Will a no deal on Brexit be a disaster for the British Fashion Industry?
In the build-up to London Fashion Week the prospect of a ‘no-deal’ on Brexit poses a serious risk to the UK Fashion Industry. The future of British fashion depends on talented young designers feeling that they can grow their businesses in Britain. However, the prospect of a “no deal” on Brexit threatens the development of new talent and designs in Britain by making the economic climate unstable and ultimately unwelcoming. To paraphrase Hugh Grant as the Prime Minister in the movie Love Actually, Britain” may be a small country, but we’re a great one too.” The same can be said of Britain’s impressive fashion industry with brand names like Burberry, Roksanda, Matthew Williamson, Stella McCartney, Alice Temperley, Zhandra Rhodes, Vivienne Westwood and Alexander McQueen just to name a few of the UK’s fashion superstars. The UK fashion industry is estimated to be worth £32 billion (roughly 39 billion in US dollars) to the UK GDP. Indeed the industry employs more than 890,000 people across Britain – almost as many as the financial sector.
So what impact would a “no deal ” Brexit scenario have on this economic powerhouse? According to the British Fashion Council, without a deal, the British fashion industry would be negatively impacted. Based on export figures from 2018 it is estimated that switching to World Trade Organisation (WTO) rules would cost the fashion industry between £850 and £900 million* (source: UK Fashion & Textile Association).
With the possibility of an economic downturn looming large, the British Fashion Council (BFC) urges that the British government strike a deal with the European Union that would preserve the health and continued growth of the UK’s fashion industry. To continue to compete globally, British designer businesses need support through trading agreements, access to finance, free movement of talent and advice on the best way to navigate global trade challenges.
In advance of London Fashion Week September 2019, the BFC held a seminar for designers specifically around preparing for a no deal Brexit, helping them identify the risks and challenges to their business and help them prepare for WTO rules in the event of no deal being reached by 31st October 2019.
Trade concerns for the UK fashion industry:
The BFC’s main concerns around the impact of Brexit on designer businesses focus around trade and talent.
Below are the main trade concerns the BFC would like to highlight, in case of WTO rules and in a no deal scenario:
• Businesses are having to assess the impacts of WTO tariffs. It is unclear who will take on the additional costs – the businesses or the end consumers
• Understanding of time frames. It is impossible to give 24 hours’ notice to HM Revenue & Customs around goods being shipped. To compete internationally, goods need to be shipped immediately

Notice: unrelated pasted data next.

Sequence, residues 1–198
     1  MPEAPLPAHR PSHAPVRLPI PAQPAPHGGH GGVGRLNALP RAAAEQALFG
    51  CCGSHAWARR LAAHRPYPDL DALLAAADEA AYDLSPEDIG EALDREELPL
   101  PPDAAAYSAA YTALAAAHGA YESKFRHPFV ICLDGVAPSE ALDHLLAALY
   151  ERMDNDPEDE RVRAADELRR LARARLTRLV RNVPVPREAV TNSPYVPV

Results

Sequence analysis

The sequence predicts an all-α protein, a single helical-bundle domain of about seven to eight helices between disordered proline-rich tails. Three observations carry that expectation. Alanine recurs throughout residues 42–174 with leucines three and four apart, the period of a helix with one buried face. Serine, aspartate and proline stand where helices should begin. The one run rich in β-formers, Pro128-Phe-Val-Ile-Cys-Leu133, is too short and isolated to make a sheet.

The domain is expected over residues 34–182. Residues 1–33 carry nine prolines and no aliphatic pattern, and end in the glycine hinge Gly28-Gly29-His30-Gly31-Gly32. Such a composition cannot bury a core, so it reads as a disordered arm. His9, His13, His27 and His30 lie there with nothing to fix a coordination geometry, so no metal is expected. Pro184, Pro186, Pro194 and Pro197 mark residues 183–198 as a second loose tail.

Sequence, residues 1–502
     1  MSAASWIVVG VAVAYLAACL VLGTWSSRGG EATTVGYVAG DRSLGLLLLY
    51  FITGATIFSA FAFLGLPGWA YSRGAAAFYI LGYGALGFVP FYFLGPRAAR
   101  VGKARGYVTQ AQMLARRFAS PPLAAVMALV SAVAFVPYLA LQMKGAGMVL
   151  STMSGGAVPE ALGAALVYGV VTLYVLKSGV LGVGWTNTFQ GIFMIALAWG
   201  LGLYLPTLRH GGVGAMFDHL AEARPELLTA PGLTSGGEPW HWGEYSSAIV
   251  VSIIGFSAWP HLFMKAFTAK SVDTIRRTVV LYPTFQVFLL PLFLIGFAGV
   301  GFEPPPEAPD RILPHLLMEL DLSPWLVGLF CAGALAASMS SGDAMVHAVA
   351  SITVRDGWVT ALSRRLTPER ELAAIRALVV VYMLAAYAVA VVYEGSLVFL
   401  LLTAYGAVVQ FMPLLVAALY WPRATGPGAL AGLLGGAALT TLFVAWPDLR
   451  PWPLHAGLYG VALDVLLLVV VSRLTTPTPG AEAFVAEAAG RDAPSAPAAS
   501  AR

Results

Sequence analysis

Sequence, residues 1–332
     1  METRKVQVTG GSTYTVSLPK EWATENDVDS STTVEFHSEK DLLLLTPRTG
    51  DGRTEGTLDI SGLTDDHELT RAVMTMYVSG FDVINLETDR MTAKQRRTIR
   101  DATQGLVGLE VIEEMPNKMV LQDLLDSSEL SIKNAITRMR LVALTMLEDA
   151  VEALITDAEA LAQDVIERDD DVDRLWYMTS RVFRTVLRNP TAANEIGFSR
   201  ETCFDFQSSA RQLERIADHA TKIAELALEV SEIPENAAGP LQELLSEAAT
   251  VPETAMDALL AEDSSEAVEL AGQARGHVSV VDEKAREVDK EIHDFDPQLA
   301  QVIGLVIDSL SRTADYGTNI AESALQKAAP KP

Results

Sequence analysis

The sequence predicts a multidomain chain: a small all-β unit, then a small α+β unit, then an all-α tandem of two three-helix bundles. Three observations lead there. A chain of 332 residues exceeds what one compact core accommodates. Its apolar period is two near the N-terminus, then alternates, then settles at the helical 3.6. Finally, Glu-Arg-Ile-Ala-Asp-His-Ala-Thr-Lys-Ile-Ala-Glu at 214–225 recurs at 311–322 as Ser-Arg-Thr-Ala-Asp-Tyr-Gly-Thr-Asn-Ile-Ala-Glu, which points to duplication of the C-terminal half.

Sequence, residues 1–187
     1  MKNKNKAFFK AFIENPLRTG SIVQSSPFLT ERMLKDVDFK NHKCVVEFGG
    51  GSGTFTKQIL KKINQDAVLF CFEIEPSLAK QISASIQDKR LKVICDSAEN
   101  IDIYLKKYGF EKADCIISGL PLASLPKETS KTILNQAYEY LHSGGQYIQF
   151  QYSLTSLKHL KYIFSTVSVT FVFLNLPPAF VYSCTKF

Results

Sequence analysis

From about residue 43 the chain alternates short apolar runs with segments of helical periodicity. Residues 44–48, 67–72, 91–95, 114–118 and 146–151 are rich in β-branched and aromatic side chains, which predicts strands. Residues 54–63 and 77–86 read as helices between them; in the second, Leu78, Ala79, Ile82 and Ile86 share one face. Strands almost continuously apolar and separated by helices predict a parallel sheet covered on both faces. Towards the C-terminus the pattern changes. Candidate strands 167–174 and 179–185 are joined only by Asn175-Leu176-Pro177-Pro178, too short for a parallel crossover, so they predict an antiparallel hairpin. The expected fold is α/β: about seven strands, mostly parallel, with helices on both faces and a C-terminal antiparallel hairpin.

• Understanding around definitions of samples. What will happen to travelling samples and what paperwork will be needed? The BFC already has anecdotal notes of businesses being stopped and asked for paperwork, although not currently required. Tariffs and VAT will apply to samples
• The impact to logistics systems. Despite freight companies preparing, they can’t plan properly until they have clarity around new import and export rules. The impact on temporary warehousing. The impact of having to deal directly with brokers at ports, the paperwork associated with this and any delays this may incur.
• VAT issues: businesses will have to do claims across 27 member states rather than to the EU as a whole
Working to resolve existing known immigration issues
In January 2019 new immigration rules laid in parliament covered Tier 5 visas used by models to enter the country, through a new Models Code of Practice. However, these changes and the proposed changes to the immigration system through the government’s white paper, would not cover skilled, lower paid workers from machinists, to language experts, leaving concerns about skills gaps for the industry. Of particular concern is the recommendation that the Tier 2 visa has a £30,000 minimum threshold on salary, with skilled roles in fashion manufacturing typically earning less than this. Similarly, the shortage occupation list does not cover any roles required by the high-end fashion industry. The BFC asks that the salary threshold and shortage occupation list are reviewed as a matter of urgency.
The situation in Britain is all to familiar to American citizens as we also face issues around workplace diversity, immigration regulations and the need to attract the best talent. Inclusiveness and opportunity go hand and hand with talent and creativity. I hope the concerns of the British Fashion Council on the possible ramifications of a no-deal Brexit outcome lead to positive changes.